The smart mobile user shouldn't overlook Linux. The question is, which distro should you pick?

You'll get a different answer depending who you ask. You'll probably be pointed in the direction of Arch for performance, Debian for stability and Ubuntu if you want easy access to the biggest collection of apps.

If that's not enough choice to make your head spin, Slackware has its fans too – particularly among people who use older laptops.

As you read on, we'll look at a range of different scenarios that should be familiar to mobile users, and explore Linux distros that will help you survive and flourish in these situations.

To make everybody's life easier, we'll limit ourselves to pre-packaged live Linux distros. We'll also stick to live CDs as much as possible throughout this tour. This is important if you're working on a corporate laptop and can't install software.

With our advice, you'll be able to work in Windows, and when you're done, transform the machine into a bespoke system, laser-targeted for your needs and wants.

Linux for gaming

Linux is a wonderful platform for gaming, whatever your preferred genre. There's plenty to choose from, including real-time and turn-based strategy titles, puzzle games and first-person shooters.

To get started in the world of Linux gaming, we recommend a trip to http://live.linux-gamers.net. Here you'll find a huge collection of games.

The concept behind the distribution is boot and play – just pop a USB drive, CD or DVD into your laptop, the distro will boot and you can start gaming. This approach is particularly useful if your laptop has been configured by an overzealous system administrator – the sort who robs you of the right to even adjust the time on your work machine.

Usefully, http://live.linux-gamers.net segregates by genre, and offers them as two releases: a 'lite' edition that fits on a CD, and a 'big' edition with tons of games that fits on a DVD.

The distro also goes some way to curing a major Linux bugbear: graphics drivers. Games rely on getting the very best from your graphics card, so to help in this endeavour, the bootable live DVD contains your collection of games and also both the Nvidia and ATI proprietary drivers.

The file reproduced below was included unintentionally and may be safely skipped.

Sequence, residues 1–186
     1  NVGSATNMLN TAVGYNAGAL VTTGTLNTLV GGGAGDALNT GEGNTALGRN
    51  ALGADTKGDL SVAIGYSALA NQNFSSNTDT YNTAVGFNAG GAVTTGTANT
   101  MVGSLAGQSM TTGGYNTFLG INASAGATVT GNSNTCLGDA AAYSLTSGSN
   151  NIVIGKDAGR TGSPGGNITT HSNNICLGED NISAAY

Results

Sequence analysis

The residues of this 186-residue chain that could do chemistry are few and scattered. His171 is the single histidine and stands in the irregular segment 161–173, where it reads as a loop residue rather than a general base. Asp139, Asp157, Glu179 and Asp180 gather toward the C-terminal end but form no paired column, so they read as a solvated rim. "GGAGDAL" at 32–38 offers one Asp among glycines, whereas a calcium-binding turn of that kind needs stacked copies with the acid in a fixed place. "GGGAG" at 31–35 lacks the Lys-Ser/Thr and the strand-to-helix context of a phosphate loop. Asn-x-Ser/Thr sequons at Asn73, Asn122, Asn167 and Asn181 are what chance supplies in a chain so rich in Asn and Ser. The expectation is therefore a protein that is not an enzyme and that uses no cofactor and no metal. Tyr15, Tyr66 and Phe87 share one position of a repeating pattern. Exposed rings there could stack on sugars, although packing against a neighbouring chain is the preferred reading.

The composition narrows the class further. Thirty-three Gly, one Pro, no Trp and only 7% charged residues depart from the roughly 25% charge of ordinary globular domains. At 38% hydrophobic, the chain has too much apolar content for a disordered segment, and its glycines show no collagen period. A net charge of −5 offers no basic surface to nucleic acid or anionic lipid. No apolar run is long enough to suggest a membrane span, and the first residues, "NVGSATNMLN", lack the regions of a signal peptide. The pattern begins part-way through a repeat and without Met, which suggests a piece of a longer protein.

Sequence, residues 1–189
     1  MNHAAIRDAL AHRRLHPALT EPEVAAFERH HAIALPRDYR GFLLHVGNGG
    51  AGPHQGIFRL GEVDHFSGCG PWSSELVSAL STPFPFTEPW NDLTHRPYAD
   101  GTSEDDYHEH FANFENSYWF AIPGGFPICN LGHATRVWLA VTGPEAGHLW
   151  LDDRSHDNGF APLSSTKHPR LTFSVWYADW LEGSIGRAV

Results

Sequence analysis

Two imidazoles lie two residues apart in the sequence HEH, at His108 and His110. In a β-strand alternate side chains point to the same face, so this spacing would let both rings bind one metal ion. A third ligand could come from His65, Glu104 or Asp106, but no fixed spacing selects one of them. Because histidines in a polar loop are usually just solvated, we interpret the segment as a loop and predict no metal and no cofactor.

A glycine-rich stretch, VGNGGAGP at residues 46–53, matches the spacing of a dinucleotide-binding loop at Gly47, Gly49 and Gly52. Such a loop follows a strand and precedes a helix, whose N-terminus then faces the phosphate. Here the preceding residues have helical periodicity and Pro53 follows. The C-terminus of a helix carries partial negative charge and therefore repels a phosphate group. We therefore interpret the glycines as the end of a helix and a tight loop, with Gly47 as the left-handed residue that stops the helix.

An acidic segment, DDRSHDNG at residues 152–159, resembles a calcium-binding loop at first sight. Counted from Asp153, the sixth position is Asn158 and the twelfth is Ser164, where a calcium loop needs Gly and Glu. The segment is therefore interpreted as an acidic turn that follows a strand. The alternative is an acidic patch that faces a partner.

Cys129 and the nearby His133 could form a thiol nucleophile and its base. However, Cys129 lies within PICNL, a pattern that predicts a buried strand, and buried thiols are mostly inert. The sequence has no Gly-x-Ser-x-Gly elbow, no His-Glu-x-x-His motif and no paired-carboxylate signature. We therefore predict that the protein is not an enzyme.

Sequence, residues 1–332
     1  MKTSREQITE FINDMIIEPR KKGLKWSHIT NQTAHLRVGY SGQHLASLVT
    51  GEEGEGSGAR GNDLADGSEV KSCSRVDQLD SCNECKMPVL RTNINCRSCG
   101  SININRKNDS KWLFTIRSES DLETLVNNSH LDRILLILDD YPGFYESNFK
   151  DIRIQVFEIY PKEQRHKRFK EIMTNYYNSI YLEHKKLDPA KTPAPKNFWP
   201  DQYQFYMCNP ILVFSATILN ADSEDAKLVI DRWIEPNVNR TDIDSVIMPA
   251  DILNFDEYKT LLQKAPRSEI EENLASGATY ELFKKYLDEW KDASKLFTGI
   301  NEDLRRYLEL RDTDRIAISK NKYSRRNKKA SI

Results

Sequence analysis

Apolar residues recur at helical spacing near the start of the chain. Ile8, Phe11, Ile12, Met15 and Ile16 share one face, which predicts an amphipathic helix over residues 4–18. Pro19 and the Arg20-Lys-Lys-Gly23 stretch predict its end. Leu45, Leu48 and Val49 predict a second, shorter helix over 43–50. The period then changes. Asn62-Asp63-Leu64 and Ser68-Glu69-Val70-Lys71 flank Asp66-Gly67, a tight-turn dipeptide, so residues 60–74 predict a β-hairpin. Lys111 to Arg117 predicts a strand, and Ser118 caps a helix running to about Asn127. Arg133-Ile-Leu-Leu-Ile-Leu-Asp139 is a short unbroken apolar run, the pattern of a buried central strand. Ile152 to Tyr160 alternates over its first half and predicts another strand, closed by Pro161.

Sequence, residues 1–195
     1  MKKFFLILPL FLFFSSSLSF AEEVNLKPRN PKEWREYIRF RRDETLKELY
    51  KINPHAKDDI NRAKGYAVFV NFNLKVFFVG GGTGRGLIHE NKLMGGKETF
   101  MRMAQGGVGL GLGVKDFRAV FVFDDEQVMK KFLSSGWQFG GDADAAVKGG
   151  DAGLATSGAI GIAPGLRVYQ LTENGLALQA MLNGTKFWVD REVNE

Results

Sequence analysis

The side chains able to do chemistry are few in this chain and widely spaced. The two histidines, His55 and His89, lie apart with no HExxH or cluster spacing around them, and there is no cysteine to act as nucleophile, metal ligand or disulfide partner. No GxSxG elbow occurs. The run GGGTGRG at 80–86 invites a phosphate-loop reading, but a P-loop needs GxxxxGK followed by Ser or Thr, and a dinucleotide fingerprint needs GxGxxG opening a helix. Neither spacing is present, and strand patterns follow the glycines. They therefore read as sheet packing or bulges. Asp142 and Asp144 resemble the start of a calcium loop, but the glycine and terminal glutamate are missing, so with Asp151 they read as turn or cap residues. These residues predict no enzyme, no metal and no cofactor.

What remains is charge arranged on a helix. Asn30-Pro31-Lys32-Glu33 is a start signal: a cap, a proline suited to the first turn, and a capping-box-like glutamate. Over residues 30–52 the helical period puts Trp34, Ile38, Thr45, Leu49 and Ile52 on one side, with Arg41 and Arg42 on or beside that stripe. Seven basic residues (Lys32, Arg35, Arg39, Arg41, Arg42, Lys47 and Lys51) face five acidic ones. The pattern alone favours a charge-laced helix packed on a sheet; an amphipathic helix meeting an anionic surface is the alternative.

Moving on, you should also check out Fedora Games Spin, which has over 100 games built-in. If you can't find what you're looking for there, you should also try the SuperGamer2 distro, which only fits on a 7.8GB dual-layer DVD.

Finally, there's the Ubuntu-based Ultimate Edition for Gamers, which includes Wine and the PlayOnLinux app for playing Windows games on Linux. If Windows games are what you're after, you'll also need to download Cedega and CrossOver Games.

These tools aren't included in any distribution, but for maximum compatibility it's best to download the latest releases from the developers' original websites anyway.

Making movies

When it comes to editing movies you've captured while on holiday, there's no time like the present. You'll find it easier to edit footage when things are fresh in your mind.

To transform your hotel room into a movie-editing suite, you should grab a copy of Ubuntu Studio for audio, video and graphic enthusiasts. It's available as an installable DVD only, not as a live CD.

It's also well worth checking out 64 Studio. It's a cracking distro aimed squarely at anyone interested in creating multimedia content. Don't be put off by its name – it will work on 64- and 32-bit machines.

If you're not keen on committing to a full install of Linux, you can explore moviemaking with live distros. Top of your list should be Puredyne. It's got tools for streaming audio and video, along with information on its online wiki about how to use these tools.

Alternatively, ArtistX includes a huge range of video and audio editing tools.

Office work

Linux is ideal for working on the go, when you need a distro that's stable, secure and works well with the apps you need.

With this in mind, there isn't much choice beyond Ubuntu, Fedora and OpenSUSE. Of these, the first two are fantastic desktop distros.

OpenSUSE looks professional, and is well integrated with the OpenOffice.org suite and Evolution email client. It's available in two installable live CD flavours, depending on your choice of desktop environment, as well as a 4.7GB DVD image with lots of software.

You also have access to a large collection of proprietary software on the mirrors or via the non-OSS add-on CD.

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First published in PC Plus Issue 302

Liked this? Then check out 10 best Linux distros

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